Cast[edit]

Production[edit]

The film was shot on location in Alameda, Burbank, Los Angeles, Oakland, San Francisco, and San Pedro in California and Mexico City in Mexico.[citation needed]

Critical reception[edit]

Rotten Tomatoes reported a "rotten" 31% rating, based on 132 reviews,[2] while Metacritic reported the film had an average score of 48 out of 100, based on 33 reviews.[3]

A.O. Scott of The New York Times thought Ashley Judd and Morgan Freeman "make a muddled genre exercise seem a lot better than it is. Ms. Judd, always brisk and appealing, is capable of fine acting when the mood strikes [and] Mr. Freeman shows himself, once again, incapable of giving a bad performance." He added Carl Franklin's direction "is far from terrible, but it feels singularly uninspired, a flurry of fast, expository scenes and suspense-movie setups." He felt the plot twist "renders everything that came before completely nonsensical" and concluded, "If you figure it out, please let me know. On second thought, don't, but please drop a line to the folks at 20th Century Fox, since I'm sure they're just as baffled as the rest of us."[4]

Roger Ebert of the Chicago Sun-Times rated the film three out of four stars and commented, "I do like the way director Carl Franklin and writers Yuri Zeltser and Cary Bickley . . . play both ends against the middle, so that the audience has abundant evidence to believe two completely conflicting theories of what actually happened . . . High Crimes works to keep us involved and make us care . . . The unfolding of various versions of the long-ago massacre is handled by Franklin in flashbacks that show how one camera angle can refute what another angle seems to prove. And if we feel, toward the end, a little whiplashed by the plot manipulations, well, that's what the movie promises and that's what the movie delivers."[5]

Mick LaSalle of the San Francisco Chronicle said the film "has some faults, but it manages to keep its audience either angry or jumpy from start to finish . . . The dramatic focus of High Crimes gets a bit fuzzy in the last half hour - it starts to feel as if some scenes get replayed. Still, the scenes are never dull, and the movie recovers for the big finish. Only one thing is lacking throughout, not a big thing, but big enough to mention. We keep hearing about what great lawyers Claire and Grimes are, but there's no great courtroom scene. In that, High Crimes is too much like real life. It gives us court with no courtroom fireworks."[6]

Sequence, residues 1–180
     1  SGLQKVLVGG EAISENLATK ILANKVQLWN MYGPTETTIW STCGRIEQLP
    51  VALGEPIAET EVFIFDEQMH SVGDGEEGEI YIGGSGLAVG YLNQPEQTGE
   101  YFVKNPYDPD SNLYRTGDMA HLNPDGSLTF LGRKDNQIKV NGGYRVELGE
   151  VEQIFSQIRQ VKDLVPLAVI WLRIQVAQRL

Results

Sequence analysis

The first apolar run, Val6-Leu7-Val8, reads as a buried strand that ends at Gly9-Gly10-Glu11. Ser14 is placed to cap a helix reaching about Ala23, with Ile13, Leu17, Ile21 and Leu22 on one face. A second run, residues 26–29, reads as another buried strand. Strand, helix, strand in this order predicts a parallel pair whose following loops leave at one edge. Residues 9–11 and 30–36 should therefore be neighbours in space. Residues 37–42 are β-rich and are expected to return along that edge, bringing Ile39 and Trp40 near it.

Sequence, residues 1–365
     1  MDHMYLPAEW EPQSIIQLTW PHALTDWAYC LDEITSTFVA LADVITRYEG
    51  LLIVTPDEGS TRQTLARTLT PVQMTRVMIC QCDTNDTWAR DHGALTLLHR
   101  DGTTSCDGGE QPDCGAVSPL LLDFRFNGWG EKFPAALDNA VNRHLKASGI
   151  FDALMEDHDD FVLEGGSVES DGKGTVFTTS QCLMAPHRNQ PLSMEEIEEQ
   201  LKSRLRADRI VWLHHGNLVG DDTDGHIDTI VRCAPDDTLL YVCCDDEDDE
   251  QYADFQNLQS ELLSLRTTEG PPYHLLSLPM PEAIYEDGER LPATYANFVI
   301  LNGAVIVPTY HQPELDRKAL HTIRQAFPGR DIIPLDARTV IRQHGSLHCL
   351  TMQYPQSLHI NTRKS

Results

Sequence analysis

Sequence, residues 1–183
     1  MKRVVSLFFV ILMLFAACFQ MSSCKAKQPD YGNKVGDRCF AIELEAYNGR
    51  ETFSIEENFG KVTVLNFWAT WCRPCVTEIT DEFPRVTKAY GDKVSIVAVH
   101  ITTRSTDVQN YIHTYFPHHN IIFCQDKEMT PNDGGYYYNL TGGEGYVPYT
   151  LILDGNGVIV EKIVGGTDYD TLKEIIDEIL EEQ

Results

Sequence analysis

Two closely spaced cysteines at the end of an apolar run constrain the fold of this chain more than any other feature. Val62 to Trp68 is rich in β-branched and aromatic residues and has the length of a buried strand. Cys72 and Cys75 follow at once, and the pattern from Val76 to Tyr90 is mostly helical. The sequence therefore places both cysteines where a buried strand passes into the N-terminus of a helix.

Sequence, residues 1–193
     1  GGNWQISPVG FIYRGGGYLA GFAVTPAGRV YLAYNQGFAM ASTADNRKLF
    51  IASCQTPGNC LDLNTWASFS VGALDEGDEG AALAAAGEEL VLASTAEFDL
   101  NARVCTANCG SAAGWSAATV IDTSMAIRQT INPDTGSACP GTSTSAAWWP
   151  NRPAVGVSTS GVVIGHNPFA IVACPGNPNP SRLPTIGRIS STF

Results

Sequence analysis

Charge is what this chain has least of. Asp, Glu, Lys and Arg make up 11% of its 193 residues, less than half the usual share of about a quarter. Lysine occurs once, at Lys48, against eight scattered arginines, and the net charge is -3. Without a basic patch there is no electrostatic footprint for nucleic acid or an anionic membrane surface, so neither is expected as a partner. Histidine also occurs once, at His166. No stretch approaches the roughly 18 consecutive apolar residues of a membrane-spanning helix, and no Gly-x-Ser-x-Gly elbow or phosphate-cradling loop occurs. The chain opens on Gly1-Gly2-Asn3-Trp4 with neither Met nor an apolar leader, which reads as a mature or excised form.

Michael O'Sullivan of the Washington Post said the film "satisfies a hunger for the basics: a decent mystery to chew on, a bit of juicy suspense, maybe a plot twist as garnish. The fare is all on the standard menu, but it goes down well just the same. Chalk that up to a cast the director can trust enough to step out of the way and let do their jobs . . . And yes, there's a twist ending, but don't kid yourself that you won't see it coming. Surprising? Maybe not. Satisfying? Not half as much as watching Freeman and Judd, two compelling performers who seem to enjoy each other's company almost as much as we do."[7]

Robert Koehler of Variety called the film "utterly conventional" and Ashley Judd's performance "so resolutely humorless and businesslike that Freeman's gruffly affectionate warmth becomes doubly valuable, though not nearly enough to lend this generic project any special character. Most disillusioning is how director Carl Franklin, once known for tense storytelling and unpredictable characters, goes about his task here with a visible lack of inspiration . . . The screenwriting team of Yuri Zeltser and Cary Bickley has tweaked Joseph Finder's novel considerably . . . Character alterations, refinements, re-locations and plot substitutions produce a rabbit's warren full of holes in an almost laughably complex plot. By the time the third act exhaustedly appears, it's hardly a wonder that some major characters have no idea where other major characters are, or what they're doing."[8]

Awards and nominations[edit]

Morgan Freeman was nominated for the NAACP Image Award for Outstanding Actor in a Motion Picture but lost to Denzel Washington in John Q, the actor's fourth consecutive win in this category.

Home media[edit]

20th Century Fox Home Entertainment released the Region 1 DVD on August 27, 2002. The film is in anamorphic widescreen format with audio tracks in English, Spanish, and French and subtitles in English and Spanish. Bonus features include commentary by director Carl Franklin and six featurettes about the making of the film.

High Crimes is also available on Blu-ray Disc.

References[edit]

External links[edit]